The investment portfolio in Nigeria’s telecommunications sector remains $75.6 billion, according to Umar Danbatta, the Executive Vice Chairman (EVC) of the Nigerian Communications Commission (NCC).
The investment portfolio consist of foreign direct investment (FDI) and local ones. This is contained in a statement revealed by NCC and signed by its Director of Public Affairs, Reuben Mouka.
However, the statement revealed that Mr Danbatta, a professor, on Wednesday, presented his scorecards since assuming office in 2015 at an interactive session with media managers and executives in Lagos.
The developments in the telecommunications sector have had a significant impact on both the country’s revenue growth and the socio-economic development of the people.
In 2018, the investment profile in the sector was $68 billion. This increased to $70.5 billion in 2019 and $72 billion in 2020. By the end of 2021, the figure had risen to $75.6 billion. This represents a significant increase from the initial $70 billion investment in the last few years.
The investment in the telecommunications sector in Nigeria is calculated by both the Central Bank of Nigeria (CBN) and service providers. The CBN collects data on foreign direct investment (FDI), portfolio investment, and other elements of the telecoms sector, while the Commission collects data on domestic investment arising from capital expenditure (CAPEX) from telecom licensees. These data are then combined to form the total investment in the industry.
The telecommunications sector has grown tremendously since it was fully liberalized in 2001, when the initial investment profile was only $500 million. This growth is due in part to the effective regulatory environment created by the Nigerian Communications Commission (NCC).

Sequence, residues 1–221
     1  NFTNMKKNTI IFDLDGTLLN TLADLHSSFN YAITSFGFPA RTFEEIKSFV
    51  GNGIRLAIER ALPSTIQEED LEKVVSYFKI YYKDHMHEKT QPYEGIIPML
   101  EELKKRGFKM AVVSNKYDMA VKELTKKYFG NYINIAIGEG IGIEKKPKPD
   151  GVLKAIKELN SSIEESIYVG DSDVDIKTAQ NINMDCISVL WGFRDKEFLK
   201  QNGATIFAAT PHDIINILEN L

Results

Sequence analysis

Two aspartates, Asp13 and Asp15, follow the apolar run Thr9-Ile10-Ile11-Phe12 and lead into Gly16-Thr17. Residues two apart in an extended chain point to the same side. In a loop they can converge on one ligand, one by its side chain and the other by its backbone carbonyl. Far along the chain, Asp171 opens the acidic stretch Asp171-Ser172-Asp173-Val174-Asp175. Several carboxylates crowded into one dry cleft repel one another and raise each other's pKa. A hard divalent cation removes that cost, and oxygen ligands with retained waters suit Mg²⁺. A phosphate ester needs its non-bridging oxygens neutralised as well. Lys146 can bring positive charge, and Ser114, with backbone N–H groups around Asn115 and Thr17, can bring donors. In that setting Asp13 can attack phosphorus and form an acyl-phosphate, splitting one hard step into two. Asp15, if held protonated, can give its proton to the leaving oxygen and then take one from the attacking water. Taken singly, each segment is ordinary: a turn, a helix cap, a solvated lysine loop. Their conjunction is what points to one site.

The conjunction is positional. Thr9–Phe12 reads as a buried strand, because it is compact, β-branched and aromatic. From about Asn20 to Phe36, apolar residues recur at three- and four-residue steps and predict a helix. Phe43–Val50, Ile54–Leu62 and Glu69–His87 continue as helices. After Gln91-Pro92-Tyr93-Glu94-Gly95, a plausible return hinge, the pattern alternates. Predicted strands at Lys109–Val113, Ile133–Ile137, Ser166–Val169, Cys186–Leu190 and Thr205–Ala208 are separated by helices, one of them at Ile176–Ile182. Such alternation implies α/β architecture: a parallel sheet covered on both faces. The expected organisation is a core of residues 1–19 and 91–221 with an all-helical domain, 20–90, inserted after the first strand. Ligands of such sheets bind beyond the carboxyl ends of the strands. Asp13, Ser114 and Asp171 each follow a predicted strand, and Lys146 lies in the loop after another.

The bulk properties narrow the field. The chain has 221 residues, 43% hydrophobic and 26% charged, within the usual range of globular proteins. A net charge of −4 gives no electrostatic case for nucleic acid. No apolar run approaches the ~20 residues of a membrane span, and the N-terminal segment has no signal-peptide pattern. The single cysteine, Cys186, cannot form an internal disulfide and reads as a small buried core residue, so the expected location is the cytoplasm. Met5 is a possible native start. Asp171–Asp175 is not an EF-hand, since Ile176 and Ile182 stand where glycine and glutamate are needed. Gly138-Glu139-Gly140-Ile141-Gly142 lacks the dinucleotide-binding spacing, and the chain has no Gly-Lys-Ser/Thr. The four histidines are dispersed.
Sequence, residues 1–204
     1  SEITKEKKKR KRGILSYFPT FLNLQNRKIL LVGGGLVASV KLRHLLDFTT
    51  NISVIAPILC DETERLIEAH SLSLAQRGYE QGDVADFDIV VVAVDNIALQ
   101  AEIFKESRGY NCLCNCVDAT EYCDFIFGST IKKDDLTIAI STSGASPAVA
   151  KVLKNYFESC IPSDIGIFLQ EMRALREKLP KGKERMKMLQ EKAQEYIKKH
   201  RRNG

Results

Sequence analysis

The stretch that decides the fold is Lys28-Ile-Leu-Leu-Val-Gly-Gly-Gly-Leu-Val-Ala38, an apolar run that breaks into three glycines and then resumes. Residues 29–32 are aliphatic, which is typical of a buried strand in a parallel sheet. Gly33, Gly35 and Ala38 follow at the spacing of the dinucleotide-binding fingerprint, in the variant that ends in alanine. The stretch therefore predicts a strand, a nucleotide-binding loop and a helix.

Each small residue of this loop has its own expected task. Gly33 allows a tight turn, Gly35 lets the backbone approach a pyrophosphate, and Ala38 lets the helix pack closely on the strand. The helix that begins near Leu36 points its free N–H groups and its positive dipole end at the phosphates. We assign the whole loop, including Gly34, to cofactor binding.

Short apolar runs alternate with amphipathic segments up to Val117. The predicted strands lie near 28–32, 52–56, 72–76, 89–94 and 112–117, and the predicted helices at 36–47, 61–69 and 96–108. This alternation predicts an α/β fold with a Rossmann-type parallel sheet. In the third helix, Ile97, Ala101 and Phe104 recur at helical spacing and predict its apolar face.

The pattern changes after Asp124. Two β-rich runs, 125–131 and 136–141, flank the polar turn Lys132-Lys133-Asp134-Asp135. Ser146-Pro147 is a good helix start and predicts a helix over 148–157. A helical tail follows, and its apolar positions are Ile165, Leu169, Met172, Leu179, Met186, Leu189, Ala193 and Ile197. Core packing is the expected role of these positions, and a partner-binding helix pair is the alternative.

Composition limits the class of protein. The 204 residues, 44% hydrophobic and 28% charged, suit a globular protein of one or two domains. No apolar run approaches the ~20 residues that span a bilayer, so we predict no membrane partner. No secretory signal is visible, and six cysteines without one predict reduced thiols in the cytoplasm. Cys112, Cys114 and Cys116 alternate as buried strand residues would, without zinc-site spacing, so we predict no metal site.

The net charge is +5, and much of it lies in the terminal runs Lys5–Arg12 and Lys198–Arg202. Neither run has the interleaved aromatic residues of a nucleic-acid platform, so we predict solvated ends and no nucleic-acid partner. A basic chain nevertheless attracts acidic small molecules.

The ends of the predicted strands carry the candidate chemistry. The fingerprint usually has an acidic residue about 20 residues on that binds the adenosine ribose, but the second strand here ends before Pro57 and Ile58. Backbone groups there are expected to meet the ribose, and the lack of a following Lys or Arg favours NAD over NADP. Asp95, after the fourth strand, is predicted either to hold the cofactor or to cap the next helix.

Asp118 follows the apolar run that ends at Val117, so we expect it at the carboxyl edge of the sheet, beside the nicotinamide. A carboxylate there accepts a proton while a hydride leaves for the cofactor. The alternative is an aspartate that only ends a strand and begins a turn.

The head of the Nigerian Communications Commission (NCC) highlighted the sector’s significant contribution to the country’s economy, citing its “impressive” quarterly contribution to the nation’s gross domestic product (GDP). The sector’s contribution to GDP increased from 8.5% in the third quarter of 2015 to N10.126 trillion in 2022 alone. According to data from the National Bureau of Statistics (NBS), the telecoms sector contributed N10.126 trillion to GDP in aggregate in 2022.
The telecommunications sector has been a major contributor to Nigeria’s GDP in recent years. In the first quarter of 2023, the sector contributed N2.508 trillion, that is 14.13%, to the nation’s GDP. This represents a significant increase from the sector’s contribution in the first quarter of 2022, which was 12.94%. The sector’s contribution to GDP has been steadily increasing over the past few years, reaching an all-time high of 15% in the second quarter of 2022.
NCC also noted that the sector’s share of Nigeria’s GDP has increased over time, from 8.5% in 2015 to 15% in 2022. In the fourth quarter of 2018, the sector contributed 9.85% to GDP, and this rose to 10.6% in the fourth quarter of 2019. In the second quarter of 2020, the sector contributed 14.3% to GDP, and this increased to 14.42% in the second quarter of 2021. The highest quarterly contribution to GDP by the sector was 15% in the second quarter of 2022.
The regulator stated that the telecommunications sector has become a major driver of economic growth in Nigeria, and that it continues to have a positive impact on all aspects of the country’s economy.
Meanwhile, according to Mr Danbatta, As of May 2023, there were 221.3 million active voice subscriptions in Nigeria, equivalent to 115.91% teledensity. Internet subscriptions also rose to 159.6 million, and broadband subscriptions on 3G and 4G networks increased to 92.2 million, representing a 48.28% broadband penetration in the country.
Also, after the issuance of 5G spectrum licenses in Nigeria, the number of 5G subscriptions has grown to over 60,000 in many cities in at least 12 states. 5G is characterized by ultra-high-speed internet, low latency, and high capacity.